I am (in) IT, I work for X (company)
I work for X (company), I am in IT
These are not the same. It tells me where the sense of belonging is, where home is, where loyalty may be, or divided. Both are neither good nor bad. They express what they express. They are different.
Change IT for R&D, Commercial, Regulatory etc. if you wish.
But some tribes are particularly good at preserving their belonging. Medical doctors are one. ‘Being a medical doctor’ becomes part of some sort of special form of being that sticks. Lots of pages in social psychology manuals explain why, including one that made me think for many years, when I was briefly teaching Medical Psychosociology in University: the so called ‘access to your body’. The plumber, the engineer, the roof fixer, the driver or your manager do not have (usually) access to your body. They may have access to your time, your money or your emotions but usually not your body. That is an anthropological privilege when looked through those lenses.
In my many years doing time in the pharmaceutical industry, I was always struck by the medics, some reporting to me, who would always put ‘the medic’ bit before the company paying the salary. ‘I am a doctor, I work for X (company) as Medical Director’ was always, always, far more prominent than ‘I work for X (company) as a Medical Director, comma, I am a medical doctor’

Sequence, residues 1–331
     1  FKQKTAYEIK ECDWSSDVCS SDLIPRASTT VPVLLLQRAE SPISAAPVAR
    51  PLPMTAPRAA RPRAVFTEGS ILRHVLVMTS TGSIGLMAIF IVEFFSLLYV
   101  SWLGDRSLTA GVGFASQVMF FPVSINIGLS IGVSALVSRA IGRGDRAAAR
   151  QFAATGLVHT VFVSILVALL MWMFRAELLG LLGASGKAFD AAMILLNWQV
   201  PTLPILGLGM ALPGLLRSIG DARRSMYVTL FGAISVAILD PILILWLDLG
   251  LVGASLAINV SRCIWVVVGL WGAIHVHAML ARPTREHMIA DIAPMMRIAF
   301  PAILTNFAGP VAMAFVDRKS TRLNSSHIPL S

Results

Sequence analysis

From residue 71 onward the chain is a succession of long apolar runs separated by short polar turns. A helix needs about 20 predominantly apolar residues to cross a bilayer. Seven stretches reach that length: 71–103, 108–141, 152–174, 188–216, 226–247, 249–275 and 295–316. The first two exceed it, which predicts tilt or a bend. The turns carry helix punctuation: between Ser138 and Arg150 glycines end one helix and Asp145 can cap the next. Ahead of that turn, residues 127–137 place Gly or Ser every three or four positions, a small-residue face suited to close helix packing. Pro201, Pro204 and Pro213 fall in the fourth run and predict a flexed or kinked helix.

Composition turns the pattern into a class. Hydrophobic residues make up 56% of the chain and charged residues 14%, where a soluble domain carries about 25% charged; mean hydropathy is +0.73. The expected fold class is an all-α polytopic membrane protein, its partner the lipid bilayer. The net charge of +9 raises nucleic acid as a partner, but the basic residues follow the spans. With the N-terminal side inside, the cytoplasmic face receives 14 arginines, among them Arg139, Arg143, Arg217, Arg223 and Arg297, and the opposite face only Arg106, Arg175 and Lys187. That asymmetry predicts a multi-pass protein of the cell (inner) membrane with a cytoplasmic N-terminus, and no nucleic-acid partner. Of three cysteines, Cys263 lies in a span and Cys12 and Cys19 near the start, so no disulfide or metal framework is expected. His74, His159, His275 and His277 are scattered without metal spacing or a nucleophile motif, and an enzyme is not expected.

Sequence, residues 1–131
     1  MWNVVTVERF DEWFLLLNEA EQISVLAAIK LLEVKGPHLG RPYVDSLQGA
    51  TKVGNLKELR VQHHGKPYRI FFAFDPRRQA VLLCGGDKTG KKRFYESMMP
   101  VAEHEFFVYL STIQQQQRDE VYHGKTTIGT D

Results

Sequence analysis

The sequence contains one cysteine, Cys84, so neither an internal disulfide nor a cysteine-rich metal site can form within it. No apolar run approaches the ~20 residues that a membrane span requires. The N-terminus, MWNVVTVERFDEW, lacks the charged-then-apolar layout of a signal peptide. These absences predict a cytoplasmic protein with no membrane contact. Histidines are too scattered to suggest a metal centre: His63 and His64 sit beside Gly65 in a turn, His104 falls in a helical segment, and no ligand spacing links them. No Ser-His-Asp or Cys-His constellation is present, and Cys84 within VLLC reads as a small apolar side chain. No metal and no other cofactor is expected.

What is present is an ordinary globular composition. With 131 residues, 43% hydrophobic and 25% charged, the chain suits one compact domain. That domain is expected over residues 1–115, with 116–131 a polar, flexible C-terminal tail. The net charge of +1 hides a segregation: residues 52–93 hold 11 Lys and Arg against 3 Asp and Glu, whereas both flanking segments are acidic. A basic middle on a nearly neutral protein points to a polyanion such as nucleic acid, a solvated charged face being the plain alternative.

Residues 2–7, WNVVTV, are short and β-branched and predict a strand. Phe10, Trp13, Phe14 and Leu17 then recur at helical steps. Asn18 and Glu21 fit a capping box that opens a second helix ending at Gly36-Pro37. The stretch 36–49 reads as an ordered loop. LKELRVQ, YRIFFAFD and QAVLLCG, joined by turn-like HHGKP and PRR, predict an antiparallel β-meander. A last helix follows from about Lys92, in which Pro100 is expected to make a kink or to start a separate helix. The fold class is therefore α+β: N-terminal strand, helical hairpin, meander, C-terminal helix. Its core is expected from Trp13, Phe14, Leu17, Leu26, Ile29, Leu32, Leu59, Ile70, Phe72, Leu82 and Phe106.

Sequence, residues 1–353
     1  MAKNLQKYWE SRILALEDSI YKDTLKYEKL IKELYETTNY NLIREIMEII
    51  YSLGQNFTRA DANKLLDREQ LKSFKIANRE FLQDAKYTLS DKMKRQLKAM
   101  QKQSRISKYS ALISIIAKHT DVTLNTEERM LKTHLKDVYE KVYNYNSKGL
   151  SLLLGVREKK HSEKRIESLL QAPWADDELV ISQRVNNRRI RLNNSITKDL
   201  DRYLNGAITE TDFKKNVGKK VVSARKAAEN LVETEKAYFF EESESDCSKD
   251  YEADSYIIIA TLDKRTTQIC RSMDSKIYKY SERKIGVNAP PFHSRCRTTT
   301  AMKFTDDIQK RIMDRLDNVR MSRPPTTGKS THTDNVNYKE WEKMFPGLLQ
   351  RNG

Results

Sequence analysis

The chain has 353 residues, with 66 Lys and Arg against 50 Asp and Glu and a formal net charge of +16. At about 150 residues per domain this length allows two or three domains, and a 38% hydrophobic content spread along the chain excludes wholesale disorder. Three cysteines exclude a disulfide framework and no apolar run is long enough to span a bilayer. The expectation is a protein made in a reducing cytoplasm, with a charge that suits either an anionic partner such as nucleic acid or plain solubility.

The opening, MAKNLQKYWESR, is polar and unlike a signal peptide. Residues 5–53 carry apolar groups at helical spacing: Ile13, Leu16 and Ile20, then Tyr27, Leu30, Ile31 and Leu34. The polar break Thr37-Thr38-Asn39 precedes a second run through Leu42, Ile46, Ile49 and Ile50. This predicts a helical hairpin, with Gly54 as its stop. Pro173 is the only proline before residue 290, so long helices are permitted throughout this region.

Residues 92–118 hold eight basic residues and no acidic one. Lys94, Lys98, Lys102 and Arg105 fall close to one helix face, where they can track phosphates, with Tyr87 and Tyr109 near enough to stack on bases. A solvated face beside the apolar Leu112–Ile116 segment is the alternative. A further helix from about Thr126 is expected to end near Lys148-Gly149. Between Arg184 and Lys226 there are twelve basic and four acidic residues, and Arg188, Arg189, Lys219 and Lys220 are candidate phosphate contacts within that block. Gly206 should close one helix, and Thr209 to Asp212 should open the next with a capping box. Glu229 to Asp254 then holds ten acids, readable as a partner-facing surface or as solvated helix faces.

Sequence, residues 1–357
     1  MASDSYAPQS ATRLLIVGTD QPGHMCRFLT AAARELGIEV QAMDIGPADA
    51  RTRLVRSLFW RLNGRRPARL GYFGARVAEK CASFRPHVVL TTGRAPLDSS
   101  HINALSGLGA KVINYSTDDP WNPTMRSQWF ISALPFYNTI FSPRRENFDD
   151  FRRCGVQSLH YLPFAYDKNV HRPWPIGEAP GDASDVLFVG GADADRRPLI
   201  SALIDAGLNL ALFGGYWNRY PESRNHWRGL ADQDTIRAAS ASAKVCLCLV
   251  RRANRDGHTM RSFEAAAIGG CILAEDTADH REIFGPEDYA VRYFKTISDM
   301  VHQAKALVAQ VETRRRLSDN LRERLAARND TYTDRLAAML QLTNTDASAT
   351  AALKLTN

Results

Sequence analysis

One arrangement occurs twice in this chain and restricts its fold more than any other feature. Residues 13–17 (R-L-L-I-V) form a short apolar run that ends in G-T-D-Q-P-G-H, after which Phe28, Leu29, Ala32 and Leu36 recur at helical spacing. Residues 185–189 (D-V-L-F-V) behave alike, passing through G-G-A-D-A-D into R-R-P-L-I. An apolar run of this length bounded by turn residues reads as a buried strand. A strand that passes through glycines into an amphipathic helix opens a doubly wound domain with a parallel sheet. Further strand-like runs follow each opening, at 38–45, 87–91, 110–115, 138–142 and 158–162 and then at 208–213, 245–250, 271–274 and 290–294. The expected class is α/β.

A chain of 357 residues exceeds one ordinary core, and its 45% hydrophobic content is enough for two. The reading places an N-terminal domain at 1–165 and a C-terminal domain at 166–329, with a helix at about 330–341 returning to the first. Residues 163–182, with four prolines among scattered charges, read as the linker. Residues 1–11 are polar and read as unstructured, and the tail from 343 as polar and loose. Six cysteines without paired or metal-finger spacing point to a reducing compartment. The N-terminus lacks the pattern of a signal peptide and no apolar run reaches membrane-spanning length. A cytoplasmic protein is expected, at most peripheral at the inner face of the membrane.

Here, the order of factors does change the product.
Similarly, for a company composed of parts or business units or acquired businesses.
I am in Y (part of company Z, or we are just being acquired by Z)
I work for Y, now part of Z
I work for Z, they just bought us, Y
Here, as well, the order of factors does change the product.
Months, even years after an acquisition, some groups or individuals have not made the transition yet. They still belong to the previous entity.
Also, the more de-centralised, devolved, an organization is, the more it is acting as a host, as an umbrella. As such, the overall brand may or may not be stronger than the individual de-centralised branded units. We see this all the time. People are often more loyal to a product-brand or a service-brand, or, indeed a geography-brand, than ‘the firm’.
The issue is not whether the decentralised business units retain high levels of loyalty and belonging for employees (what is wrong with that?) but whether the parent brand makes the whole thing even more attractive. The more decentralised, the greater the need for an overall glue, a neat common home to be. The onus to be a good magnet is on the host/umbrella/mother/father. Not on the children.
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